Key specs – Screen size: 1.3in; Weight: 50.5g; GPS? Yes; ANT+ support? Yes; Waterproof? 5ATM; Battery life: 8 days smart mode, 6 hours GPS and music.

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4. Garmin Vivosport: Best Garmin fitness band

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If you want something a little more discrete, the Garmin Vivosport fitness band is for you. It manages to pack in the vast majority of watch features into a slim package with a teeny-tiny touchscreen. In fact, the screen is so small that the sausage-fingered may want to pass.

Still, runners and cyclists with a pianist’s fingers will find a lot to love. It has an always-on colour display, as well as providing GPS, heart rate tracking and smart notifications. You can also track your progress with VO2 max, fitness age and stress-tracking – not bad for a wearable that’ll last seven days between charges. Note that, although you can keep it on in the pool, there’s no swim tracking.

Key specs – Screen size: 0.38 x 0.76in; Weight: 27g; GPS? Yes; ANT+ support? Yes; Waterproof? Swimproof; Battery life: 7 days smart mode, 8 hours GPS.

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5. Garmin Forerunner 245 Music: The best Garmin running watch

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Garmin took its time in updating the massively-popular Forerunner 235, which was the go-to watch for many runners, but when the Forerunner 245 did arrive it certainly didn’t disappoint. Garmin has added music storage to the watch, which can also sync wirelessly with Spotify Premium accounts. It’s also beefed up the feedback you get on your training, including info on whether your load is productive and how much recovery time you need after a session.

That’s on top of the stellar run tracking offered by the 245, which is reliably accurate when it comes to distance and heart rate. It provides all your key stats at a glance plus live feedback on your running technique when paired with a footpod. The 245 also connects to Garmin Coach, a feature in the Garmin Connect app through which you can set up training plans for running events, which sync to the watch so you can follow workouts from your wrist.

Of course, runners don’t just run, and you can rest assured that the Forerunner 245 also tracks an array of other sports, including cycling, swimming and pretty much everything else you can think of.

Key specs – Screen size: 1.2in; Weight: 38.5g; GPS? Yes; ANT+ support? Yes; Waterproof? 5ATM; Battery life: Seven days smart mode, 24 hours GPS, six hours GPS with music

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6. Garmin Forerunner 945: The best Garmin watch for triathletes

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The Forerunner 945 is the most advanced watch in the Forerunner line-up and makes a pretty fair case for being the best watch that Garmin makes full stop. It’s certainly the option keen runners and triathletes should opt for, with all of the premium features of the very expensive Marq Athlete packed into a slighter plastic frame that’s more comfortable to wear during exercise.

Those features include the most advanced training load analysis we’ve come across on any wearable, including details on how balanced your train is between anaerobic and aerobic work, and how well you’re acclimating to altitude or heat. Triathletes will also welcome the open water and multisport modes that are absent on Forerunners lower down the range.

On top of its sports tracking features, the 945 also has colour maps and the ability to create routes on the go, NFC payments through Garmin Pay, and music storage and syncing with streaming services like Spotify.

It does more or less everything, then, while still being a slim, comfortable watch with a long battery life. Unless you prefer the premium design of the Fenix 5 Plus Series, this is the best sports watch you can get.

Key specs – Screen size: 1.2in; Weight: 50g; GPS? Yes; ANT+ support? Yes; Waterproof? 5ATM; Battery life: 14 days smart mode, 36 hours GPS, 10 hours GPS with music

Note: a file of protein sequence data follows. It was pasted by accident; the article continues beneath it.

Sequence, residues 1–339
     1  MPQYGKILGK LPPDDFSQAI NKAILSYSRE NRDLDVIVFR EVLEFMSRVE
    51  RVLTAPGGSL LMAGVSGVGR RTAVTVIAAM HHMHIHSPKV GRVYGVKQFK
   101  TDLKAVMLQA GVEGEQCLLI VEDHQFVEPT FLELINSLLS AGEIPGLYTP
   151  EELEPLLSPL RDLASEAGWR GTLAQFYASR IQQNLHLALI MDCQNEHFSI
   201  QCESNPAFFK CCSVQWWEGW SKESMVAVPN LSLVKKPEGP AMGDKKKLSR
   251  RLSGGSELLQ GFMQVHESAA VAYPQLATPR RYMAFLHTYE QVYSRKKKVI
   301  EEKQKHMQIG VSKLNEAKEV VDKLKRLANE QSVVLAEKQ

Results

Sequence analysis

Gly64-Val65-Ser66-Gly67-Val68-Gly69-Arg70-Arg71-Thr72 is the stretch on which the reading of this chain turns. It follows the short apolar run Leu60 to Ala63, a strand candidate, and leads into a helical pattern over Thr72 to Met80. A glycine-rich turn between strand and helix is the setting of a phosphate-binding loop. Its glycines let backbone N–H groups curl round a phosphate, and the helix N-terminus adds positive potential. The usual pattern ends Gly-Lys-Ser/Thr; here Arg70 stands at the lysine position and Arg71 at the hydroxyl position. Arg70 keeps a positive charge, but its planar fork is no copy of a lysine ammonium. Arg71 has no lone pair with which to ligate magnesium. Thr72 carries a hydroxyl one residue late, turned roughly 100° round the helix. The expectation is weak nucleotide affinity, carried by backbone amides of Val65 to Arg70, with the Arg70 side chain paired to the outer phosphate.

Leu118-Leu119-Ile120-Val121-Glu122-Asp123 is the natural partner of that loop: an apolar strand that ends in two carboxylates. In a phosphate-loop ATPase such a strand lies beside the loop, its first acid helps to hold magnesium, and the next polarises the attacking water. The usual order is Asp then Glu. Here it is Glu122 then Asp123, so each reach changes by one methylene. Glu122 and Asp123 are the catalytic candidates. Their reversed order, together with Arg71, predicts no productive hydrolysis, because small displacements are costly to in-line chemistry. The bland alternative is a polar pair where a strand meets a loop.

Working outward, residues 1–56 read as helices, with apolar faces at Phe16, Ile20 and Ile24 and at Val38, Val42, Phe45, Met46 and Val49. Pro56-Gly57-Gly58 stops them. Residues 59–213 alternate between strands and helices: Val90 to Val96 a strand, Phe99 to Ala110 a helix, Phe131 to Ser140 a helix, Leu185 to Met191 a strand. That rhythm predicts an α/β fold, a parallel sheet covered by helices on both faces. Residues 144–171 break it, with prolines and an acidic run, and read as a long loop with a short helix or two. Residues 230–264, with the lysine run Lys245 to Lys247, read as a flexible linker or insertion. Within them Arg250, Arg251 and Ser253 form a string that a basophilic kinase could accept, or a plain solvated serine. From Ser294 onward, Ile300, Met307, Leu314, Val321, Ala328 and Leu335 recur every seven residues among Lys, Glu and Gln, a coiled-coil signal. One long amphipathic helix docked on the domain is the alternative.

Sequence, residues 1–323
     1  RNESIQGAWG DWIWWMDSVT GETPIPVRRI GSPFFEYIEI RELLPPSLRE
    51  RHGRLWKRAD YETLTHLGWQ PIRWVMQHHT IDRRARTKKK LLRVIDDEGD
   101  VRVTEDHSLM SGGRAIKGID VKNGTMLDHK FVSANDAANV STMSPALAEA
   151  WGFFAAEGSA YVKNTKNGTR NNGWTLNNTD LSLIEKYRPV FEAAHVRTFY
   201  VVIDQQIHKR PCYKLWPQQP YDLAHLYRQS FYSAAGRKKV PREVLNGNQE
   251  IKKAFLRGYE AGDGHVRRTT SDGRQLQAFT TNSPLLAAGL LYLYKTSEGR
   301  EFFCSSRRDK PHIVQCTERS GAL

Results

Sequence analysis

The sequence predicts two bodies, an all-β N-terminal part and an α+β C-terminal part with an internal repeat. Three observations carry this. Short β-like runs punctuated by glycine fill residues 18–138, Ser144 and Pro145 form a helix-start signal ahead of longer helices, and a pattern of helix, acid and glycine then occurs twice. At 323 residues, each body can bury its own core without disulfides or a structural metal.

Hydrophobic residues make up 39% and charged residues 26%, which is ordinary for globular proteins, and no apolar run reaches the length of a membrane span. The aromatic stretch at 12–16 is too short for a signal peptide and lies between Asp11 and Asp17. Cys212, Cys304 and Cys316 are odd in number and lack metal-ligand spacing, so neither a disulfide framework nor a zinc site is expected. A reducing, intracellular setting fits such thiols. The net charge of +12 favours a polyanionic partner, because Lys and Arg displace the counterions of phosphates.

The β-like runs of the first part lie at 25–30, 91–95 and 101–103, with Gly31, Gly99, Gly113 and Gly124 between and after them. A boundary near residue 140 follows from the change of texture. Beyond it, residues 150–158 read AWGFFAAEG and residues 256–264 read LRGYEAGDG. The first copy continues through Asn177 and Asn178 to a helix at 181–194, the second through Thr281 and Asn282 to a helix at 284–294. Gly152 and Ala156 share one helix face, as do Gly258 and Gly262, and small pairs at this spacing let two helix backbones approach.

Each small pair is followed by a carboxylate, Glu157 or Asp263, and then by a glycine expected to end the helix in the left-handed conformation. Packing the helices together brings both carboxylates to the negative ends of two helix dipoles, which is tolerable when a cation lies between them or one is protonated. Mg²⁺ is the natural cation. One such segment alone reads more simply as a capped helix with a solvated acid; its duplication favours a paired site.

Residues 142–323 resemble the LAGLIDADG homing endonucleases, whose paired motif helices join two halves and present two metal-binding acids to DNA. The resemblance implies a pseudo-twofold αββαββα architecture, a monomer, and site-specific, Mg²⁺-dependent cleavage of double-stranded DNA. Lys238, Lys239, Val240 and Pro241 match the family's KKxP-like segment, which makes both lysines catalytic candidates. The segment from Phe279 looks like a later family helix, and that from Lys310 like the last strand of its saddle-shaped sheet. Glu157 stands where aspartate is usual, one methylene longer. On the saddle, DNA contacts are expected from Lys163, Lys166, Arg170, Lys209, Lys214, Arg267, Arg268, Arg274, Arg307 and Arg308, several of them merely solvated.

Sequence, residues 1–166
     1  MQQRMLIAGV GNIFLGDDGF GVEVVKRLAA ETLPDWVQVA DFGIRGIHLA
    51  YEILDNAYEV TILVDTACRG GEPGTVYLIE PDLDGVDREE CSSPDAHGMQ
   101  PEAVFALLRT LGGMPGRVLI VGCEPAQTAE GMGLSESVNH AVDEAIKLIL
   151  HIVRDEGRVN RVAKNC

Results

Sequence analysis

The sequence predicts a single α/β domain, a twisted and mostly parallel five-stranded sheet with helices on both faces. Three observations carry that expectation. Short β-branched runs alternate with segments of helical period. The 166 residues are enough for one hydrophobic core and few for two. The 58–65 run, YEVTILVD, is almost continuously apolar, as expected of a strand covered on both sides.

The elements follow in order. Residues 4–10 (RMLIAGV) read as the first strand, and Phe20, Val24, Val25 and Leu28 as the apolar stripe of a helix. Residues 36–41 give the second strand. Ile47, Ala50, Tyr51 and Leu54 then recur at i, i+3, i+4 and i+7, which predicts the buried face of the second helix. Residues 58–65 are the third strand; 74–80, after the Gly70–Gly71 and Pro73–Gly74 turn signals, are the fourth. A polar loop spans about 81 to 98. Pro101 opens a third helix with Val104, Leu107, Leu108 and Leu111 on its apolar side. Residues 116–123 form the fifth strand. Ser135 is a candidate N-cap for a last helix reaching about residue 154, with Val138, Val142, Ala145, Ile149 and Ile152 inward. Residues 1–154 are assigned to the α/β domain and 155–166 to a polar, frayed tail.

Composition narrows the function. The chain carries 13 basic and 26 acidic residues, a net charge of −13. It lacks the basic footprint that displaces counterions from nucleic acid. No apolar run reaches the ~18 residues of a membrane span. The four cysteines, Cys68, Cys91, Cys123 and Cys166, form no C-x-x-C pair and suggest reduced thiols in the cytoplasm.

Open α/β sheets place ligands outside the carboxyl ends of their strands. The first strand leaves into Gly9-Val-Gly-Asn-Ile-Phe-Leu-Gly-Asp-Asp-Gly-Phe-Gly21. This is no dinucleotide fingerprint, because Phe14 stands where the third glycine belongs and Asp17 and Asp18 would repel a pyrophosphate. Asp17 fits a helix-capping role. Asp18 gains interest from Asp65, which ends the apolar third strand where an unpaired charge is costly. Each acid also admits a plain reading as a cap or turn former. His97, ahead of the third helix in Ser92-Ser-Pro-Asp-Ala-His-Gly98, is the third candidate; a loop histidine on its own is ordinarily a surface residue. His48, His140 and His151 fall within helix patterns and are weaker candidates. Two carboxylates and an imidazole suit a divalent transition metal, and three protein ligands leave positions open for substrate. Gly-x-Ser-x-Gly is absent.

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7. Garmin Venu: Best Garmin smartwatch

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In terms of software the Venu is more or less exactly the same as the Vivoactive 4, but what sets it apart as the best Garmin smartwatch is the AMOLED screen it boasts, which means it can stand as a genuine rival to the likes of the Apple Watch and the Samsung Galaxy Watch, with their gorgeous displays.

The Venu’s vivid screen hasn’t come at the cost of completely killing its battery life, either. It might not last as long as the Vivoactive 4, but it will still get you through two or three days even if you’re regularly using it to track outdoor activities using the GPS. It also has music, Garmin Pay, and the great sports tracking you get on any Garmin watch.

In the future we expect to see the Venu’s screen crop up on other Garmin devices, but right now it’s the only watch the company does with an AMOLED screen, and it’s a belter. However, if you’re not convinced of the merits of a fancier screen on your smartwatch, then opt for the Vivoactive 4, which is cheaper and has a longer battery life.

Key specs – Screen size: 1.2in; Weight: 46.3g; GPS? Yes; ANT+ support? Yes; Waterproof? 5ATM; Battery life: 5 days smart mode, 16 hours GPS, 6 hours GPS and music.

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8. Garmin Instinct Solar: Best Garmin for battery life

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The rugged, plastic design of the Instinct range demonstrates its purpose as a watch built for the great outdoors, and the addition of solar panels to the Instinct Solar only enhances its appeal for the adventurous, because the battery life is substantially increased in sunny weather.

That battery life is impressive even under clouds at 24 days or 30 hours of GPS, and it grows to 54 days and 38 hours of GPS with enough sun. Furthermore, in expedition mode, which turns off some features, the Instinct Solar can last indefinitely if there’s enough sun.

The watch has a fairly small screen compared to other Garmins, but still tracks all your sporting endeavours with accuracy, and it offers breadcrumb navigation and customisable workouts. It lacks the detailed training analysis you get on devices like the Forerunner 245, but for many that will be a fair trade in order to get the huge solar-powered battery life.

Key specs – Screen size: 0.9in; Weight: 53g; GPS? Yes; ANT+ support? Yes; Waterproof? 10ATM; Battery life: 24 days/54 days with solar, 30 hours GPS, 38 hours GPS with solar